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Subject: looking for tips on laminator usage rss

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Mr Dove
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I have a cheap scotch laminator that I purchased at WalMart. It works pretty well but I don't have any experience using them.

I'm mainly curious about trimming the pages. I really like my stuff to be clean with nice lines.

Should I trim before or after laminating? In the past I've seen laminated pages that separate due to poor bonding. I hope to avoid this.

When trimming is it better to leave a laminate border or cut all the way into the paper?

Should I use standard paper or card stock? I've experimented with both and the lamination "seems" to bond better with standard paper rather than card stock.

Does anyone have any other tips?

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Paul DeStefano
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Never laminate your cat.
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David Sims
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trim the paper before laminating,then trim the laminate when cold. Always leave a border of laminate around the paper as the laminate to laminate bond is the strength of the system. most problems occur when this border is missing or too narrow.

Good luck and be prepared to make some mistakes as you learn.
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Mark Andrews
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I always trim after laminating [Edit: when cold, not right after]. Flexing the sheet slightly back and forth will help you see if any small bits didn't quite adhere, and running it through a second time will usually fix the issue. I also typically use paper, not because it adheres better but because it's cheaper and the lamination makes it stiff enough that card stock seems redundant.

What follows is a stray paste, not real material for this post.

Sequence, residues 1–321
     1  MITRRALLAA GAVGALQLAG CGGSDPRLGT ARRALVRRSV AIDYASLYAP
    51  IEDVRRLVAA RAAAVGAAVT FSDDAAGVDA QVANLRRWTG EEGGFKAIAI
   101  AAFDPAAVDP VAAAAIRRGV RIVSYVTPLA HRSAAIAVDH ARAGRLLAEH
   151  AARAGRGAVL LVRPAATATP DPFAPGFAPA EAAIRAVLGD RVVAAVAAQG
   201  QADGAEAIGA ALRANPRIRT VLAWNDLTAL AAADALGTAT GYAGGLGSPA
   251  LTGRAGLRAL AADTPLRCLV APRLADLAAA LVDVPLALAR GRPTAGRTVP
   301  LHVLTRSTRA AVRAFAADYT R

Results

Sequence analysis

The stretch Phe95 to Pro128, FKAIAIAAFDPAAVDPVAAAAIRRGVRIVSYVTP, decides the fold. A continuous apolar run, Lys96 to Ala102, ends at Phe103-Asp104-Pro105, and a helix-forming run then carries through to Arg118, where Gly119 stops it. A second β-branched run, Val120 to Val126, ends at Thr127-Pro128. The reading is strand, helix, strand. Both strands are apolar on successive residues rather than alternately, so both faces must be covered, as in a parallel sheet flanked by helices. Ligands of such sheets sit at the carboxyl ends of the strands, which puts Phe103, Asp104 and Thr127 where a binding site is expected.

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Erhan Cubukcuoglu
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I use also paper instead of cardboard. And the machine must be really hot . For guarantee this first I give a blank paper to machine (without lamination film). At the end of lamination also I use a blank paper for cleaning the machine.

And lamination demage some lazer printouts. For this reason I prefer inkjet prints for laminating.

And the quality of your lamination films is most importent than your machine quality. I advise to choose a well known brand.

A last thing, you must never use thicker lamination films then permitted by machine manual.
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James
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Geosphere wrote:
Never laminate your cat.


Now you tell me.


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tom franklin
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All five (now six) of the cats ask, "Seriously? You need to be told?"

cool

Brother Jim wrote:
Geosphere wrote:
Never laminate your cat.


Now you tell me.


9 8 7 6 5 4 3 2 1

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The root of all evil... but you can call me cookie.